Home Commentary Op-ed Christensen Makes the Right Committee Move

Christensen Makes the Right Committee Move


For those distant from the workings of Congress, the recent decision of Delegate Donna M. Christensen to move from one committee to another may not look like much.

But it does. The move reflects well on her standing on the Hill, and will give her—and the islands—much more leverage in Washington.

She had been a member of the House of Representatives Natural Resources Committee; she has left that assignment and will be, as she was last year, a member of the more powerful, more wide-ranging Committee on Energy and Commerce.

She announced the switch in a press release on Wednesday.

Energy and Commerce is one of three "exclusive" committees in the House, three committees with more power than other committees and hence, routinely, members may serve on only a single committee. That is why Christensen left Natural Resources.

The other two exclusive committees are Appropriations, which allocates funds, and Ways and Means, the tax-writing committee.

Energy and Commerce deals not only with the two subjects named in its title, but health care as well. That she is a medical doctor may well have played a role in her securing this choice committee assignment.

She had been a member of Energy and Commerce in the last Congress but lost her seat there as the Democratic numbers on the committee were sharply reduced to reflect their smaller numbers in the House as a whole.

Her opportunity to return to the committee may well be a by-product of another personnel shift, that is based, I assume, on a longtime rivalry between two rich, well-connected and powerful California Congresswomen.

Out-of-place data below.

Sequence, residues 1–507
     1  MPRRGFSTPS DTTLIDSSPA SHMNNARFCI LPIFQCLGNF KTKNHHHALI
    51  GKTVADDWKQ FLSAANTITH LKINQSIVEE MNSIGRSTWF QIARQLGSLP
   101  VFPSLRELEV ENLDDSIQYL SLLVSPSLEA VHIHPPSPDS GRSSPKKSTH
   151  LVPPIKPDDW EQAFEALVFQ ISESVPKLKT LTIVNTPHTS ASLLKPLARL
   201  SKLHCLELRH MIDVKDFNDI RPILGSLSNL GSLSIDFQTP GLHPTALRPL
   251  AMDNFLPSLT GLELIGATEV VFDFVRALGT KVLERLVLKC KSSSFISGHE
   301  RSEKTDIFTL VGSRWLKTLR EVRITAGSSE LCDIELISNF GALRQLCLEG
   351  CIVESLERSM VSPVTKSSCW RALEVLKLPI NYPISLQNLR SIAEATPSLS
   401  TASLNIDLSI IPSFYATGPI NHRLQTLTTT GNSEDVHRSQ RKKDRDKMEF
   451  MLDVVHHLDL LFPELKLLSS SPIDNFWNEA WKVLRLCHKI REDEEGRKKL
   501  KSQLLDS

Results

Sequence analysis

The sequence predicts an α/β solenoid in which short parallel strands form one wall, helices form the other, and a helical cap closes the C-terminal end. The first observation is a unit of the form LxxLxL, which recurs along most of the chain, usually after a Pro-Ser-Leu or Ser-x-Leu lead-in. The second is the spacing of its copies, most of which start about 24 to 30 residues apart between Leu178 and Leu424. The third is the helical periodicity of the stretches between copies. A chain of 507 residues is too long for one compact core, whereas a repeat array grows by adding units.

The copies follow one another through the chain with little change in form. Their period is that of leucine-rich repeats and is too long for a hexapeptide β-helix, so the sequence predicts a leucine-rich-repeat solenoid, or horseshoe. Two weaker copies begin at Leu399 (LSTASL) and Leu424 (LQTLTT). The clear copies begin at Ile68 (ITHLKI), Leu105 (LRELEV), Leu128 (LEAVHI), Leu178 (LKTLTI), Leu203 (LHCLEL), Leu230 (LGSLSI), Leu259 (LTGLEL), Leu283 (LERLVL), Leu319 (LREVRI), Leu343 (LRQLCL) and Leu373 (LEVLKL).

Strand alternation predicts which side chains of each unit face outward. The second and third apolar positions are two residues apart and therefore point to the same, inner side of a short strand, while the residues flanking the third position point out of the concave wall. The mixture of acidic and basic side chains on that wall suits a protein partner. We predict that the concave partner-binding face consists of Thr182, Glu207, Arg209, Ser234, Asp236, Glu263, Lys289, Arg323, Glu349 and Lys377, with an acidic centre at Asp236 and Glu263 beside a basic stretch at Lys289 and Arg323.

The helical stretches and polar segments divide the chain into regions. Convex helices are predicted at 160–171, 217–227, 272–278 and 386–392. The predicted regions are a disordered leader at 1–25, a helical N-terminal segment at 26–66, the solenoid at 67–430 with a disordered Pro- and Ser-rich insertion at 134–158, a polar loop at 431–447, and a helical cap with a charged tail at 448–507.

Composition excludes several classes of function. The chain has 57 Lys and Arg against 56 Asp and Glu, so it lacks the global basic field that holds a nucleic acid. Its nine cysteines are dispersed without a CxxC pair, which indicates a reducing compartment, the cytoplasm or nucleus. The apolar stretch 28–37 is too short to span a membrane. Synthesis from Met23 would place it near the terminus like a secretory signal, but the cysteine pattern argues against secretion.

The two are former Speaker Nancy Pelosi, now Minority Leader, and the other is Congresswoman Jane Harman, once a candidate for governor of that state.

Pelosi saw to it in 2006 that Harman, who appeared be a leading candidate for the post, did not get to be chair of the House Intelligence Committee. Recently she decided to leave the House to become the president and CEO of the Woodrow Wilson Center for Scholars, a largely independent arm of the Smithsonian Museum and a highly regarded think tank.

Christensen will replace Harman on the committee.

While the committee that Christensen is leaving, Natural Resources, has jurisdiction over territorial matters, the V.I. delegate does not need to be a member of that committee to secure appropriate attention for V.I. matters. The other delegates from the other territories are on the committee and will, presumably, be supportive of her initiatives.

It is useful to recall, in this matter, that while the island delegates have no votes on the floor of the House, they have full votes in committee. It will be useful to the V.I, that its delegate is a member of a high priority committee, rather than a lower priority committee.

Further, any member of the House has much more influence in the committee where he or she serves, than in the House as a whole.

In short, a good move for the delegate, and for the islands.


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